Your child’s safety in the community

There are some adults you might not want your child to connect with.

When your child is starting a new activity led by paid or voluntary staff, it’s worthwhile finding out about the child safety policy of the organisation that employs them. If it isn’t mentioned in the enrolment information and permission forms, it’s OK for you to ask.

Always meet and talk with adults who’ll be in contact with your child away from home or school, and share information about them with other parents. It’s also a good idea to encourage your child to tell you about adults that he’s coming into contact with – for example, a new helper at his sports club.

You can also talk with your child about what might happen in our bodies if we’re feeling unsafe or frightened. For example, ‘Sometimes someone might say or do something that gives you a bad feeling, or makes you feel nervous or scared. Your heart might beat really fast or you might feel sick in the tummy. This can be a sign that you don’t feel safe. You can tell mum or dad if that happens to you’.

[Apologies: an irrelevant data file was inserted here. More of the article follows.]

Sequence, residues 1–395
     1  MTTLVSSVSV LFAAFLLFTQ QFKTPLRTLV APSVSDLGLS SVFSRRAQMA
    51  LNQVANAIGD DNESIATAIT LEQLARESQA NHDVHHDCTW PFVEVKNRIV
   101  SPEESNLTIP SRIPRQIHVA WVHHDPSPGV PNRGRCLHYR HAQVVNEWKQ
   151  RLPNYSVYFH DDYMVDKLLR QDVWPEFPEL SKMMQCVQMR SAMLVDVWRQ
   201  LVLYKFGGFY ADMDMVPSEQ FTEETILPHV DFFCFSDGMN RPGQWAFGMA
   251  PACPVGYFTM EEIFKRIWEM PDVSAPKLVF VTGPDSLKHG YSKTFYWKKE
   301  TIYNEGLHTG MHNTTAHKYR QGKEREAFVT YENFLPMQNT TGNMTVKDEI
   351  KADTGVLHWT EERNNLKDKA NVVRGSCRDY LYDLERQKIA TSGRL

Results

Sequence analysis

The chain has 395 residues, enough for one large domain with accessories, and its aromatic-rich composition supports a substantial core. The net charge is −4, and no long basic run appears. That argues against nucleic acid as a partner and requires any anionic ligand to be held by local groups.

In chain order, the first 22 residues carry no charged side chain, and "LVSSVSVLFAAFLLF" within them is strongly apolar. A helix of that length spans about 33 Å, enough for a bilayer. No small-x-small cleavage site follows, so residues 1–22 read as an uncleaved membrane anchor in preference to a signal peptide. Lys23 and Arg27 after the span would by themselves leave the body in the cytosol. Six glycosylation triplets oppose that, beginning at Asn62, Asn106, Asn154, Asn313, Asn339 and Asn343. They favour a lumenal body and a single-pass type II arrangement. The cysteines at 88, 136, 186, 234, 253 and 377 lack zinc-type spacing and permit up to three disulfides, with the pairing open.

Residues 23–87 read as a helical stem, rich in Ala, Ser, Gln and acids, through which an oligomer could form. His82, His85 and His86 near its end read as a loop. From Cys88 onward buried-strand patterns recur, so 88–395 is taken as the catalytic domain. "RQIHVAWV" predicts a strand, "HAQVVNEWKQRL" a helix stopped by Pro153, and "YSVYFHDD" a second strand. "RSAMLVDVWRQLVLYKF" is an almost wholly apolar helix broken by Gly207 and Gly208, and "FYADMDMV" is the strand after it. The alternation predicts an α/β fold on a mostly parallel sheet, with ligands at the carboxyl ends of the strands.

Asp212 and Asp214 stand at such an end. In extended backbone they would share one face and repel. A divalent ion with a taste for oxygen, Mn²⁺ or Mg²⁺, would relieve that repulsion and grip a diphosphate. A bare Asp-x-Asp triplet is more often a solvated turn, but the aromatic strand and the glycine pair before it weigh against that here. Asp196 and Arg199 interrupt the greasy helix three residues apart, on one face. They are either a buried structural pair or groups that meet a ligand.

You might need to explain the difference between feeling a bit excited or nervous – for example, before singing in the class concert – and feeling unsafe.

If your child has some uncomfortable or negative feelings about a person or experience, it’s important to take these feelings seriously. Don’t try to tell your child that she enjoyed an experience or that she’s imagining something if she’s telling you something different.

Encourage your child to be alert and observant. When you go for walks around the neighbourhood, play a game of ‘Who can you see?’ ‘Why are people on the street?’ ‘What are they doing?’ You and your child will probably notice most people going about their everyday business. This helps your child to be aware of his personal safety.

© raisingchildren.net.au, translated and adapted with permission